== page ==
PROVIDENCE, R.I. (WPRI) ─ Rhode Island retailers have been waiting to reopen since Gov. Gina Raimondo ordered them closed in mid-March, but a business professor at Providence College tells Eyewitness News that even if they’re allowed to reopen soon, they’ll most likely continue to struggle as the economy recovers.
On Monday, Raimondo unveiled her three-part plan to reopen the economy, which could begin as early as May 9, as long as everyone continues to practice social distancing.
In the first phase, retail stores will be allowed to offer in-store pickup of pre-orders, and with new restrictions, potentially allow a limited number of shoppers inside.
Professor Helen Caldwell said the financial impact of the pandemic is hitting all retailers, whether it’s a small local business or a big box chain.
“Nieman Marcus, which is a high-end retail store, is about to go into bankruptcy. JCPenney is about to go into bankruptcy,” she said. “If you lose those stores, what’s going to happen to the mall?”
The temporary closures will have a widespread impact on owners, employees and landlords once businesses are allowed to reopen, according to Caldwell. She said stores will not only face new restrictions on the number of customers allowed inside at any given time, but they’ll also be forced to take on additional costs for cleaning products to ensure everyone’s safety.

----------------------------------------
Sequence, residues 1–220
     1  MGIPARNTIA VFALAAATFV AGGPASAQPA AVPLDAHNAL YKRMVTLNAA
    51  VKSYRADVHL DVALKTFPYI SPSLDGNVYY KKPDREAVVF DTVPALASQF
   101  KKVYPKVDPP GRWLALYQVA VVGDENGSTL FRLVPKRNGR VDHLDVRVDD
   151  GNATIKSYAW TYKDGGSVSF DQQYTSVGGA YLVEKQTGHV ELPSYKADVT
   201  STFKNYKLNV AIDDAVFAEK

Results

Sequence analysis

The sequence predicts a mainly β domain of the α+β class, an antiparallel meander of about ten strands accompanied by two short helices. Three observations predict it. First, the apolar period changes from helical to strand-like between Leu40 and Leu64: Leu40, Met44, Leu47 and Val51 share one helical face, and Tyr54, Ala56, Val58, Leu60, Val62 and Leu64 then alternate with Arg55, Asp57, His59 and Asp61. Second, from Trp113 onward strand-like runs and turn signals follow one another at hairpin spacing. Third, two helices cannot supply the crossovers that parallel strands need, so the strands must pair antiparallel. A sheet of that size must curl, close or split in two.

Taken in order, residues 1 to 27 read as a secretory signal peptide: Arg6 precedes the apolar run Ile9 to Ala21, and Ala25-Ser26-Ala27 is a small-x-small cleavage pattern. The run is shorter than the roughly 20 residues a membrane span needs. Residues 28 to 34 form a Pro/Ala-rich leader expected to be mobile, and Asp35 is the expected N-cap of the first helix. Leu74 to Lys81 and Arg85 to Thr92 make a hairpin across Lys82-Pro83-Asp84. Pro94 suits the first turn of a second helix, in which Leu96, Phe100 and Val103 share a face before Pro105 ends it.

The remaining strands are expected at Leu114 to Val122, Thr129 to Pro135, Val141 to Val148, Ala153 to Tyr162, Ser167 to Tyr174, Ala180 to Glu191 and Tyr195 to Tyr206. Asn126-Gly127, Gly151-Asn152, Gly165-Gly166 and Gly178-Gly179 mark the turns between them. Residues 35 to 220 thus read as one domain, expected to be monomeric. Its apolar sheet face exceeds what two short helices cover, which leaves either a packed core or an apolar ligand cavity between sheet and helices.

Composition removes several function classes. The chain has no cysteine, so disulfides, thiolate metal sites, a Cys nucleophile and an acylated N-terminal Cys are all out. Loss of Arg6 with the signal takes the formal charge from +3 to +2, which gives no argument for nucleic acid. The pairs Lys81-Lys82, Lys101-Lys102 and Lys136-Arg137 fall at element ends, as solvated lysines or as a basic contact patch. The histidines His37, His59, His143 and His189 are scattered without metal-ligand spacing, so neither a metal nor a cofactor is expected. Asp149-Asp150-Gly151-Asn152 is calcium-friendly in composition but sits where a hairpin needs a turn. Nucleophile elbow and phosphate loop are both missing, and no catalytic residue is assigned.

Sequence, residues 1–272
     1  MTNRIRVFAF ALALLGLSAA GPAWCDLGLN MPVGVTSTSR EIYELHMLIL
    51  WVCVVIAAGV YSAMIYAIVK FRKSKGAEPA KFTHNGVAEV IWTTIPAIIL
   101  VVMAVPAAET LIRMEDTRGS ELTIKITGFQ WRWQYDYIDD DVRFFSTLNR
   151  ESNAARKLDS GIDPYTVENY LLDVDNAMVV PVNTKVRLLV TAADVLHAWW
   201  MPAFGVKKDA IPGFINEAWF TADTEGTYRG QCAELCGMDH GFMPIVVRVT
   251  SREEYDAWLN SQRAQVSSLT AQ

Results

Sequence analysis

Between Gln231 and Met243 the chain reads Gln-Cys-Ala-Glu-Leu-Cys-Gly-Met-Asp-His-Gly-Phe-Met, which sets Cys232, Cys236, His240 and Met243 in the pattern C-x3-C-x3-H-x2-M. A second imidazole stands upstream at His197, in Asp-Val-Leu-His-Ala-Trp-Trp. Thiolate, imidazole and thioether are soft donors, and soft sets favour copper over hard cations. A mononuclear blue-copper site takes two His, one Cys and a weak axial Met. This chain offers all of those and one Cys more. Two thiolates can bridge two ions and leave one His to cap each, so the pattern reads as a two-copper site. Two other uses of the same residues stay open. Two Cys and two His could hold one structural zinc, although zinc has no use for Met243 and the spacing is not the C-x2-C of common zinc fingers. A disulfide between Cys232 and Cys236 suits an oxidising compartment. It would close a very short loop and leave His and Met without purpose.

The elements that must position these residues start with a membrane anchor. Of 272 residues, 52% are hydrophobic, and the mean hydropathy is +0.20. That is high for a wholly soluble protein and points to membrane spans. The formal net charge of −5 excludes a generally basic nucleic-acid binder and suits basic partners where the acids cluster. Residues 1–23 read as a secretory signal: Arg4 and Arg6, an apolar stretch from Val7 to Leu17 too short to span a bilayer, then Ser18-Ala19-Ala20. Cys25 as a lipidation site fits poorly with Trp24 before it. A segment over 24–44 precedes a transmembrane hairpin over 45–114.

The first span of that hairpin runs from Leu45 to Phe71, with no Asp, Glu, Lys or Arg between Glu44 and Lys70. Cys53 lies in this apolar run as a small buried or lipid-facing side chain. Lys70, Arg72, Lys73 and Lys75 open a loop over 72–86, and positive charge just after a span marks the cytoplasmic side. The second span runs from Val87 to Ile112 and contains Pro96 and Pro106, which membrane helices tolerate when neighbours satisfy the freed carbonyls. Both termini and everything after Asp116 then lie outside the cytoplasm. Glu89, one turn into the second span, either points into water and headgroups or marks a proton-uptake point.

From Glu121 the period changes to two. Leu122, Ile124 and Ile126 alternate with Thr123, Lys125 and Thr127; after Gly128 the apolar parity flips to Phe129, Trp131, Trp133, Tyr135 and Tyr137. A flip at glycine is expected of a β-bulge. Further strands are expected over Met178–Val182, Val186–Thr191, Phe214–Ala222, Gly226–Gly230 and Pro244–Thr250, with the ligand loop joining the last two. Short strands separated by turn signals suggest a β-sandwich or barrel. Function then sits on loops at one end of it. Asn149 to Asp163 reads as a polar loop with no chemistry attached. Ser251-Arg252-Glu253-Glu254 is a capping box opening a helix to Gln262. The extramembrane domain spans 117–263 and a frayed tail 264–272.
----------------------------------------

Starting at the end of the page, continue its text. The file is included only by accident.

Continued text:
Recently released data from the U.S. Department of Commerce showed a more than 25% jump in grocery spending, but Caldwell said it’s what people aren’t buying that will have a lasting impact.
“Things like apparel and accessories were down almost 50%, and that’s very significant because apparel has much higher margins than groceries do,” she explained.
Caldwell said with millions of Americans filing for unemployment, families are more likely to batten down the hatches and buy only what’s necessary, which will directly impact retailers across the country.
“If the consumer doesn’t have confidence going out and spending because they might lose their job, you might not be willing to buy something more discretionary,” she said.
Many retailers are currently stocked with spring and summer items they can’t sell, and to make matters worse, Caldwell said the previous closures of factories in China means they also won’t have the supply of seasonal items and clothing they will need in the months to come.
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